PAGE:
I would like to inform the House that the Government, along with the Scottish Government, Welsh Government and the Northern Ireland Government, will be updating the blood donor selection criteria. This move will enable men who have sex with men in a long-term relationship to give blood from summer 2021.
In 2011, the lifetime ban on blood donation by men who have sex with men was lifted following an evidence-based review by the Advisory Committee on the Safety of Blood, Tissues and Organs (SaBTO). This introduced a deferral period of 12 months for men who have sex with men since their last sexual contact with another man. In 2017, the UK reduced this period to three months. These changes did not impact the safety of the blood supply in the UK.
Since then, the Government have taken steps to explore if further changes can be made to the deferral period for men who have sex with men, without risking the safety of the blood supply. At the request of the Department of Health and Social Care, the ‘For Assessment of Individualised Risk’ (FAIR) steering group was established at the beginning of 2019. The group reviewed whether the UK Blood Services could move to a more individualised blood donor selection policy.
The steering group reported to SaBTO in October 2020, advising that a more individualised risk-based approach to the blood donor selection policy could be taken without risking the safety of the blood supply. SaBTO reviewed the report and formally recommended that the Government implement the changes proposed by the FAIR steering group.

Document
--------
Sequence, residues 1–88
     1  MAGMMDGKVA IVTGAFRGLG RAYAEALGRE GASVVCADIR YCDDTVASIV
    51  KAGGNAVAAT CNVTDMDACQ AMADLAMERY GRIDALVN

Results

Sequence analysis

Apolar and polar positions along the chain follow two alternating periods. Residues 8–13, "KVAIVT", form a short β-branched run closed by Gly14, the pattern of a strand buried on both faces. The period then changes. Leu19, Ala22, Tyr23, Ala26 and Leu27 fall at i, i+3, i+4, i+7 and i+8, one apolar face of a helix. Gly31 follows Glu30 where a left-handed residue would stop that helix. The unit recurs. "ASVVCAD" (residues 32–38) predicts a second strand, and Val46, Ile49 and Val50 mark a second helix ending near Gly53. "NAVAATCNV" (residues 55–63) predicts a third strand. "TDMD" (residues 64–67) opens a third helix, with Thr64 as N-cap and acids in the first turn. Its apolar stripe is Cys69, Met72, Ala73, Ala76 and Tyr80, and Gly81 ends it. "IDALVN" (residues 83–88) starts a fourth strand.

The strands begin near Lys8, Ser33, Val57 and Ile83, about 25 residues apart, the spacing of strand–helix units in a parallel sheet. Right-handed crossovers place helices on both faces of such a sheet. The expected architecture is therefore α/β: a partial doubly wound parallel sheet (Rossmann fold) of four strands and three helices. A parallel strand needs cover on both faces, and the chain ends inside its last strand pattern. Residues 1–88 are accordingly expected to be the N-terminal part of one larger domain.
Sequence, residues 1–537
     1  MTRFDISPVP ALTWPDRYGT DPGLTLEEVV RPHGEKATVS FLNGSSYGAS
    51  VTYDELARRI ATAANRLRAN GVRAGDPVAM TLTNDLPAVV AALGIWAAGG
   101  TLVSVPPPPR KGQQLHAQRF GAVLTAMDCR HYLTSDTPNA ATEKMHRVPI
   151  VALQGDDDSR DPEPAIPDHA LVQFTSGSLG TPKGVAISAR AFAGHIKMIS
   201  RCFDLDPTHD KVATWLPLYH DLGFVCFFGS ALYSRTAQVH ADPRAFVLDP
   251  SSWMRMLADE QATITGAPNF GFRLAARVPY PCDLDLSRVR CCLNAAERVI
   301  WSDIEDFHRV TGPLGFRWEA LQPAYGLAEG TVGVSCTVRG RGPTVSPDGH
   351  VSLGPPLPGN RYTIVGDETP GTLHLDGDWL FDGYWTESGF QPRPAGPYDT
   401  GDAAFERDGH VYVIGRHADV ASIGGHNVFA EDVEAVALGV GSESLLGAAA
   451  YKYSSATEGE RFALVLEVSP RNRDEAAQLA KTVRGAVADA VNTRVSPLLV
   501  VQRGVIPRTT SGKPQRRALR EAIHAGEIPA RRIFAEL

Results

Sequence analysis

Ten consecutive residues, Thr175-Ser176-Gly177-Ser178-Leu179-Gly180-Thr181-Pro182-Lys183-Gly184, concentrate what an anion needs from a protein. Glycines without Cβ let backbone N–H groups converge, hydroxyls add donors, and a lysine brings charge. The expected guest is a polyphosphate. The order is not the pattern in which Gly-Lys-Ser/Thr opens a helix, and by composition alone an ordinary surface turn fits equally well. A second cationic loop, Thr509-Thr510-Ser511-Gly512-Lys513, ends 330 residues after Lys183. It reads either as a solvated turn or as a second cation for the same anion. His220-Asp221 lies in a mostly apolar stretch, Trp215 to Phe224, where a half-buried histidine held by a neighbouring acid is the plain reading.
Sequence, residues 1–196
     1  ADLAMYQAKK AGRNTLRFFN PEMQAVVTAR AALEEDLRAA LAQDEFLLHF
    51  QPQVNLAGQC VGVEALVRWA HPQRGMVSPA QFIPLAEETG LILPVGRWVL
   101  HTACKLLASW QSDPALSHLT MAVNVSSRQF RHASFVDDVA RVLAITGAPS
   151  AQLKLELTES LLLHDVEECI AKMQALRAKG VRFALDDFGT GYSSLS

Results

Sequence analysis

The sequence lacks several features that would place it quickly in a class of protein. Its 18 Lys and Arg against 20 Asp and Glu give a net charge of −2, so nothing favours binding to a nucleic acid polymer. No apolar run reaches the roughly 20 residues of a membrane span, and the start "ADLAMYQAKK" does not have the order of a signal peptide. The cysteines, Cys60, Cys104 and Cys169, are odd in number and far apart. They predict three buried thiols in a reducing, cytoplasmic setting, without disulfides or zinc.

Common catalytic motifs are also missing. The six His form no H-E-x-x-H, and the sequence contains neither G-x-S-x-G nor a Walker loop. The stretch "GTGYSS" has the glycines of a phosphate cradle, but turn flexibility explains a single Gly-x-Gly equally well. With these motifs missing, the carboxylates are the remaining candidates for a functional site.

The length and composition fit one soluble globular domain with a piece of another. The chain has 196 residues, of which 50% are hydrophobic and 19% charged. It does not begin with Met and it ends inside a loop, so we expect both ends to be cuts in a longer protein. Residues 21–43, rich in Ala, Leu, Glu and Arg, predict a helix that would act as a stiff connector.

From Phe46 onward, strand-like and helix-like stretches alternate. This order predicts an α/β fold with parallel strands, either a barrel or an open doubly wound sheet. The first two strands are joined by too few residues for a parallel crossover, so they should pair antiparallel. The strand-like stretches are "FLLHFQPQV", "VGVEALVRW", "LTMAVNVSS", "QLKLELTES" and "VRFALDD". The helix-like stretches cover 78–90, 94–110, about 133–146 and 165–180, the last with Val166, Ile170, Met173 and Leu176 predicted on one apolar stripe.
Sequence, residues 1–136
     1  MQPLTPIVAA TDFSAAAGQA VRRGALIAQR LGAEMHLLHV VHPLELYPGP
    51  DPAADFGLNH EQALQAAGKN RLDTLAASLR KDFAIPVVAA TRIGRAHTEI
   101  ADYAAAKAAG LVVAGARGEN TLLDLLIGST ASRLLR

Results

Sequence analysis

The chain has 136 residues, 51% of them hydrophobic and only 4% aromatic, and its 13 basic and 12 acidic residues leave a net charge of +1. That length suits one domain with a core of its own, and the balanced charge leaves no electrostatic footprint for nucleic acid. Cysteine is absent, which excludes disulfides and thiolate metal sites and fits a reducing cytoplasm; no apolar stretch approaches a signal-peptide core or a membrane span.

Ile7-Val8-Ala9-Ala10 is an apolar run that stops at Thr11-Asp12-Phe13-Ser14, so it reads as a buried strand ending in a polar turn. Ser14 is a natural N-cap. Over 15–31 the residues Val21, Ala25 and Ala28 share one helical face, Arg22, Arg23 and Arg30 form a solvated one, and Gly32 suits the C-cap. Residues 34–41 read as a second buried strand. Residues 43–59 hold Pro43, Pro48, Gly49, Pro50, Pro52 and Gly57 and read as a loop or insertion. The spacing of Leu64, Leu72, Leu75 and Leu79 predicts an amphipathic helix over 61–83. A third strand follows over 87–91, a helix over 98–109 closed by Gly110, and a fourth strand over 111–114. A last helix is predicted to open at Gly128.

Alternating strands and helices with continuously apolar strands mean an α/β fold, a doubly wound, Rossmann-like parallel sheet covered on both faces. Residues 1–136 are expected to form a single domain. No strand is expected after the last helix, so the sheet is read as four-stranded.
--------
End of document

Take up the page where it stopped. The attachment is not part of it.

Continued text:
The Government have accepted this recommendation. This will mean a change to the current three-month deferral period for all men who have sex with men to a gender-neutral selection policy, where deferrals are based on higher-risk behaviours associated with acquiring infections.
This policy change will mean that anyone who has had the same sexual partner in the last three months will be eligible to donate and men who have sex with men will no longer be asked to declare if they have had sex with another man, making the criteria for blood donation gender-neutral and more inclusive.
This is a progressive and welcome step forward, reducing limitations for men who have sex with men to donate blood and creating a fairer system for blood donation. In implementing these changes, the UK will take on a world-leading role as one of the first countries to recognise that a risk-based approach for men who have sex with men does not pose a safety risk to blood donation.
The Department of Health and Social Care is working with NHS Blood and Transplant and devolved administrations to implement changes which we anticipate will be rolled out by summer 2021. We will have monitoring mechanisms in place to ensure the safety of donors and patients, including continued monitoring of both acute and chronic infections in new and regular donors. The changes will be reviewed in 12 months.
The report from the FAIR steering group can be viewed here at: https://www.blood.co.uk/news-and-campaigns /news-and-statements/fair-steering-group.